Yesterday we discussed the basics--such as not being so shy you can't tell everyone you meet about your book. The publishing world is changing very rapidly and a lot of the changes are technology oriented. What I say is essential to book promo today may be obselete by the time your novel hits the stands. But we have to start somewhere. Here are some more tips and tricks for promoting a debut novel:
Use Promo Products
Authors used to be advised to order postcards, bookmarks and pencils stamped with their book cover or info to give away. These kinds of freebies are still a good idea, but consider investing in a brief video or slide show called a book trailer. You can watch mine on this page--just click on the photo with the YouTube. While there are plenty of companies that specialize in these teasers, my husband helped me make my own. One of the cool things about a trailer is that you can use them in lots of ways. Sure, put yours up on every internet site you frequent. You can also make CDs and include them with a press kit you give to reviewers. At your big booksigning, set up your screen and use the trailer to entice browsers to buy your book. Post the trailer with each and every blog tour site or on sites that review your book.
Get to know other authors either in your area, your genre or by your book's theme or setting. Help each other by banding together in ways that help sell books. For instance, my novel, The Fence My Father Built, deals with Native Americans and stereotyping. Kay Strom's book, The Call of Zulina, while historical fiction, deals with the slave trade in 1700s Africa. We are creating a workshop on social injustice, to be held at her church. Other ways to band together might include buying ad space that features several books, or holding a book signing for authors with books set in the same general area.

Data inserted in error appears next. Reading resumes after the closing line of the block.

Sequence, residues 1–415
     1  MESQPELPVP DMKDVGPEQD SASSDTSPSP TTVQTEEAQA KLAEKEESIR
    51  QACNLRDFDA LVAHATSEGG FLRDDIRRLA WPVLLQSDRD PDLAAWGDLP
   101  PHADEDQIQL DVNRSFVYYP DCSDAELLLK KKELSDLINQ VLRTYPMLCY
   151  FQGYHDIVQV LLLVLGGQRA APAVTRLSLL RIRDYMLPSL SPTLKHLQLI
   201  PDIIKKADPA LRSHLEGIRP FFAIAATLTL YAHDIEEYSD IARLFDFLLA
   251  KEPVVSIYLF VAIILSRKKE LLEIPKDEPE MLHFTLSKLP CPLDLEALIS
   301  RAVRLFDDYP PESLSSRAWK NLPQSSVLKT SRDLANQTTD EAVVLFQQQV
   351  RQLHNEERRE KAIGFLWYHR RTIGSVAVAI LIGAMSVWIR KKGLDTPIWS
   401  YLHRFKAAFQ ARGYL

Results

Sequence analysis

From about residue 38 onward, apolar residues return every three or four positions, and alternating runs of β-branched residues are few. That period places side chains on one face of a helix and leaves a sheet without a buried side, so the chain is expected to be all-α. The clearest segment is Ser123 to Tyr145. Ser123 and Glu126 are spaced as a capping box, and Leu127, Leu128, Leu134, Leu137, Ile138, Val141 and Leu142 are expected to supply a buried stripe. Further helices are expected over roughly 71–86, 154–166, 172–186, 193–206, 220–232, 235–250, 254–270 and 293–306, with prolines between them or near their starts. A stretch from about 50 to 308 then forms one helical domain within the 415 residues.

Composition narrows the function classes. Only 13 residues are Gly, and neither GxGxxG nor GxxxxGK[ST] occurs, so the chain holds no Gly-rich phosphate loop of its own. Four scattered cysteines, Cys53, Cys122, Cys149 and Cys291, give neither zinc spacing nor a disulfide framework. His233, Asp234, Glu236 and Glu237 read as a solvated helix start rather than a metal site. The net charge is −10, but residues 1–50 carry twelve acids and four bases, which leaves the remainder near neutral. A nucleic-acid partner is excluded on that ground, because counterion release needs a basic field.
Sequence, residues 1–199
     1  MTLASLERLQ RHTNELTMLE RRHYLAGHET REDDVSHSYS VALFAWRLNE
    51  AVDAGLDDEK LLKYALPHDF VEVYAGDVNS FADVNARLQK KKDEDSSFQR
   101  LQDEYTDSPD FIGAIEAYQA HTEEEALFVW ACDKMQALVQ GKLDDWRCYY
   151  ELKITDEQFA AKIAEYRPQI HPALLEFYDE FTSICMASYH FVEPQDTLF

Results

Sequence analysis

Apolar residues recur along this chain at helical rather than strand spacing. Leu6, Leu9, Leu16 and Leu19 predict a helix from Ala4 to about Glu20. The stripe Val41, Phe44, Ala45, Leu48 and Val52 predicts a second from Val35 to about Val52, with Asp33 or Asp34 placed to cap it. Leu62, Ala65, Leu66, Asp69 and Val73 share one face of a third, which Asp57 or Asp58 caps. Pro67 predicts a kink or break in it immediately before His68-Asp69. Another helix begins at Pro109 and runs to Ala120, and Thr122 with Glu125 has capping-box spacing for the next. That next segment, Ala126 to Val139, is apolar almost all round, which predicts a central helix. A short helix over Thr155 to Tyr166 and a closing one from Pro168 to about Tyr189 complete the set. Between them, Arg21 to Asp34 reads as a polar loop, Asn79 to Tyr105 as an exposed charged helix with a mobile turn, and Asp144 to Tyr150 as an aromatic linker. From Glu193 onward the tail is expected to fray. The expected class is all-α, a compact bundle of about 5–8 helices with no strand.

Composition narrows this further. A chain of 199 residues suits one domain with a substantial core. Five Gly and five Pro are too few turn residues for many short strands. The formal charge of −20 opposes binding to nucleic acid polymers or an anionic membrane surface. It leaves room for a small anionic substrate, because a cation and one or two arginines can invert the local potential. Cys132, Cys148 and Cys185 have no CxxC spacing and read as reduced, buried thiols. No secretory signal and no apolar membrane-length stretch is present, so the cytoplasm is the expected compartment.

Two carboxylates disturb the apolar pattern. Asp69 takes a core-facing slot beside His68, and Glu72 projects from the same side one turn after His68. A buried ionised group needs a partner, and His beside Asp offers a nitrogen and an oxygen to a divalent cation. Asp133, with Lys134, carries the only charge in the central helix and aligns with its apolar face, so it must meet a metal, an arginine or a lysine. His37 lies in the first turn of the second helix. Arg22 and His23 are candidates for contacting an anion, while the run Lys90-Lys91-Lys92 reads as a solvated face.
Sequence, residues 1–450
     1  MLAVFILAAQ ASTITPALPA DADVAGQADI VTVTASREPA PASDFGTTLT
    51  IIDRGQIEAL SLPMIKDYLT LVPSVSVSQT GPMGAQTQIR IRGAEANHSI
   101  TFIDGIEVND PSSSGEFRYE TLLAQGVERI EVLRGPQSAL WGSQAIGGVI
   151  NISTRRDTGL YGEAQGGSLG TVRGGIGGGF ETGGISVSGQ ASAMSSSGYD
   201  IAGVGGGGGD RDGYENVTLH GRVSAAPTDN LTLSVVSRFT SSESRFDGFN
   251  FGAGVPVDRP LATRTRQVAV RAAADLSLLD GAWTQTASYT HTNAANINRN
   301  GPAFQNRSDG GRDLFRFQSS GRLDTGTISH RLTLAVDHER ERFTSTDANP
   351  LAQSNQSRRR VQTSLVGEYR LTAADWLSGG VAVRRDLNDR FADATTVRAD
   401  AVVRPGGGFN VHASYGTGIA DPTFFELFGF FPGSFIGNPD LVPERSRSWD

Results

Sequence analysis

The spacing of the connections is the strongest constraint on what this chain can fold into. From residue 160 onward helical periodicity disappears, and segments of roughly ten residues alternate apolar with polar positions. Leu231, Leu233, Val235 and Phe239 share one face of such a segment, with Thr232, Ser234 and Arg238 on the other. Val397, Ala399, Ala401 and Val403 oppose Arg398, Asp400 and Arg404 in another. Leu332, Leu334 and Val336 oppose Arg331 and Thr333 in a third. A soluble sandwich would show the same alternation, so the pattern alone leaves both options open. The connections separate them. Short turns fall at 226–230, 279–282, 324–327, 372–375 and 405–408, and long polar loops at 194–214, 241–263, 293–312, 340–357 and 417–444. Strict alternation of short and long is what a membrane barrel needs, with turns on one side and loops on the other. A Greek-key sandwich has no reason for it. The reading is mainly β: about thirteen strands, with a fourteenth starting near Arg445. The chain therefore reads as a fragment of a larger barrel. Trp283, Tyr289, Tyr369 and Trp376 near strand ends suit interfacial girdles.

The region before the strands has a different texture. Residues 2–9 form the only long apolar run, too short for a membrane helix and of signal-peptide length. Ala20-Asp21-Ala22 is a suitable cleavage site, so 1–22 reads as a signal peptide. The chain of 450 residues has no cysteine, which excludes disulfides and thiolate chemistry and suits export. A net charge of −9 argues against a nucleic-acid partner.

Tie-In Your Theme
With that same idea of theme in mind, link your novel to a current event. A local newspaper might be more inclined to cover your book's release if you've written about a fictional theme that reflects a real life happening, commemoration or holiday.
When your dream of publishing your first novel becomes a reality, the fun has only just begun. Authors today must do everything in their power to give their book the most exposure. Money never hurts, but good promotion is more about how you market your own work than simply throwing cash for advertising. Nobody really knows what causes a novel to "go viral" or get legs that makes it a bestseller, but by mentioning your book every chance you get, you increase your odds of creating buzz. So whether you're in line at the post office, sitting at your computer or melting in the hot sun at the county fair Author's Table, make the most out of your debut by helping your baby get into as many hands as possible. It'll go a long ways in a publisher's decision to acquire book #2 and beyond.